After a strong showing in FY22, commodity companies may report lower earnings growth for the first quarter of April-June after prices declined sharply globally. The earnings hope supporting the Nifty index could wobble as well.
Prices of metals—from copper to steel—are down 20-40 percent from their highs as fears of a recession in the US heighten.
The Bloomberg commodity index fell almost 14 percent over the past three weeks, while crude oil shed 11 percent in the same period. The fallout of this is lower realisations for steel companies and oil exporters.
Ambareesh Baliga, an independent market analyst, expects a 50 percent cut in the bottom line for most metal companies due to the recent drop in prices. These companies contributed about 60 percent of the earnings per share growth last year and will be responsible for a similar cut for the rest of the year.
“Metal stocks have a high correlation to the consensus earnings trajectory and we believe the earnings cycle is inflecting down,” analysts at Jefferies India wrote in a note.
Domestic steel prices have declined 22 percent from their peak in May, while Asian hot-rolled coil steel prices have fallen 20 percent and North Europe HRC prices have tanked 36 percent.
Rating company Icra expects a 30 percent drop in the operating profit of metal companies for FY23. The government hiked duty on iron ore by up to 50 percent and some steel intermediaries to 15 percent on May 21 to step up domestic availability.
“As steel prices correct across the board following the levy of export duty, the road ahead could be bumpier, and the industry’s current year earnings are likely to be significantly lower than the all-time record achieved in FY2022,” said Ritabrata Ghosh, vice president & sector head at the rating company.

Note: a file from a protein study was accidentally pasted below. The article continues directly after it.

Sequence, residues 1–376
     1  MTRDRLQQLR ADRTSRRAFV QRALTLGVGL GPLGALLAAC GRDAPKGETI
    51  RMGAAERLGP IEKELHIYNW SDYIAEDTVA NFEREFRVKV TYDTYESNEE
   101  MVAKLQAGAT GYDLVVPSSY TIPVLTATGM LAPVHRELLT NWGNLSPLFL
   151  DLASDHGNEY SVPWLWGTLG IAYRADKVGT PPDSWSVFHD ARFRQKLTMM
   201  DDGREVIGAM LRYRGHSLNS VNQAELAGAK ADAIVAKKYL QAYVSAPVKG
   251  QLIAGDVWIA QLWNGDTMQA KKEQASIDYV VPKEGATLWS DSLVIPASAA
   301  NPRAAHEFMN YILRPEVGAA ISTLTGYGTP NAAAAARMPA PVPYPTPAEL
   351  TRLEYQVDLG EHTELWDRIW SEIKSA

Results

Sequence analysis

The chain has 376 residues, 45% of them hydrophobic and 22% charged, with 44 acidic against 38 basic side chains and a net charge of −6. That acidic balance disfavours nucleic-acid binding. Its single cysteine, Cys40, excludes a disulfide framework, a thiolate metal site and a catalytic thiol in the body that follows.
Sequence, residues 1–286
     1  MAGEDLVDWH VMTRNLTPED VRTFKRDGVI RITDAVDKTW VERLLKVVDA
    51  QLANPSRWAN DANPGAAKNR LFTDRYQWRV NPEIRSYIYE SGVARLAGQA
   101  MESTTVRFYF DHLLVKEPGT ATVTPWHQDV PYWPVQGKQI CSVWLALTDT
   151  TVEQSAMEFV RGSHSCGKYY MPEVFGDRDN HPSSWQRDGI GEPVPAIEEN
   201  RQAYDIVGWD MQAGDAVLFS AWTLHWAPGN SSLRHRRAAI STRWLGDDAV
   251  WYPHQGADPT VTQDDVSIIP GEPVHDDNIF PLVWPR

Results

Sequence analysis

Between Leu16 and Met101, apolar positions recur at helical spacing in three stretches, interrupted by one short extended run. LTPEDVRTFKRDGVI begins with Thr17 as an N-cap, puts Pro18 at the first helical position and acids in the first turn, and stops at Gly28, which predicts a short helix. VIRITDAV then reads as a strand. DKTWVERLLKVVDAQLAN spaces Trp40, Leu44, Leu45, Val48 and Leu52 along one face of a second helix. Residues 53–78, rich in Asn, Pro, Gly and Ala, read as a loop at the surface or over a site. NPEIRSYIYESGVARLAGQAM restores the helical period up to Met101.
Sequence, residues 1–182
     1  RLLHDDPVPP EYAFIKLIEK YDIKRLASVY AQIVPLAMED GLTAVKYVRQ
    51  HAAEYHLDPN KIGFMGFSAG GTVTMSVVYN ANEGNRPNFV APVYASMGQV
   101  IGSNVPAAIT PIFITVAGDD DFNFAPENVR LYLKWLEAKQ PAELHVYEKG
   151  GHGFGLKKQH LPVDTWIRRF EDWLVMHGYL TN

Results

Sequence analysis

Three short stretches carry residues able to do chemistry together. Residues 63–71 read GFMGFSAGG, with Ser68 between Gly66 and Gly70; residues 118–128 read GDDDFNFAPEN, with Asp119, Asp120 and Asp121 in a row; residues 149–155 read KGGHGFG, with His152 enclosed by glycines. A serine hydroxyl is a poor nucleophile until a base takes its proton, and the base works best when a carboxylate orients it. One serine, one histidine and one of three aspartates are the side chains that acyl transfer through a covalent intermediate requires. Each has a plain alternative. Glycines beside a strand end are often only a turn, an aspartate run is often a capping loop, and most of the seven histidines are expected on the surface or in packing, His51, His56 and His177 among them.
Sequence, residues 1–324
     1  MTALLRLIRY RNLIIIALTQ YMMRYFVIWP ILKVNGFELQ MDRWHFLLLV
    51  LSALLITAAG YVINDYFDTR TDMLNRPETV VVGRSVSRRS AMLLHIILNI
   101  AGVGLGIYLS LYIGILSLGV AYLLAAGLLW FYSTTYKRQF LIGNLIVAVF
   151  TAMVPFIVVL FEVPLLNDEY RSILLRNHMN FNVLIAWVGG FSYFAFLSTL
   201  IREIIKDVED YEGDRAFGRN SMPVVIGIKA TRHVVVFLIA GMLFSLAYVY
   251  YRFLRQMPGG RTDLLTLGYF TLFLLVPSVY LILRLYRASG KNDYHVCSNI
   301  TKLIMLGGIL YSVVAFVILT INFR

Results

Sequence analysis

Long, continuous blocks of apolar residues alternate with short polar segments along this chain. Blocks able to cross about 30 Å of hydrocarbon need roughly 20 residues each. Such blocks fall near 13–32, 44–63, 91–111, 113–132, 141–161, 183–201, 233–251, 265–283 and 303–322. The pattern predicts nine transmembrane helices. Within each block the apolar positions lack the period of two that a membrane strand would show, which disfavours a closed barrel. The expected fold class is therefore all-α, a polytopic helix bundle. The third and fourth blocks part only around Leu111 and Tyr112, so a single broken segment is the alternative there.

However, energy prices are still elevated compared with FY22. That means there is a double whammy for metal companies.
“Commodity prices have fallen in quick succession. Commodity producers are squeezed on margins due to the high cost of energy and low realisations,” said Deven Choksey, managing director of brokerage firm KR Choksey. “The negative impact might be played out in the first half of 2023 and it is a good possibility. Many firms that are users of commodities will have a high-cost impact on margins due to the pipeline inventory in H1 2023, though some of these companies may have a pass-over clause in their supply contracts.”
“The government imposition of hefty export duties on steel will lead to a decline in realisations for steel companies which have been resorting to exports in the last few years. Also, weak domestic demand in the near term will further lead to fall in steel prices in the domestic market,” IDBI Capital said in a recent note to investors.
Investors have already taken note of the impact. Energy and other cyclical commodity-related stocks have come off sharply in the past few weeks after revisiting all-time highs in early May.
Among the domestic indices, the Nifty commodity index dropped 22 percent mid-April, the Nifty metal index lost 30 percent and the Nifty fell 12 percent.
“Indian metal stocks have underperformed the Nifty by 12-34 percent in the Jun-Q, but we believe it’s still early to turn constructive as PB valuations remain higher than historical troughs, earnings visibility is poor and consensus downgrades should continue,” Jefferies said.Disclaimer: The views and investment tips expressed by experts on Moneycontrol.com are their own and not those of the website or its management. Moneycontrol.com advises users to check with certified experts before taking any investment decisions.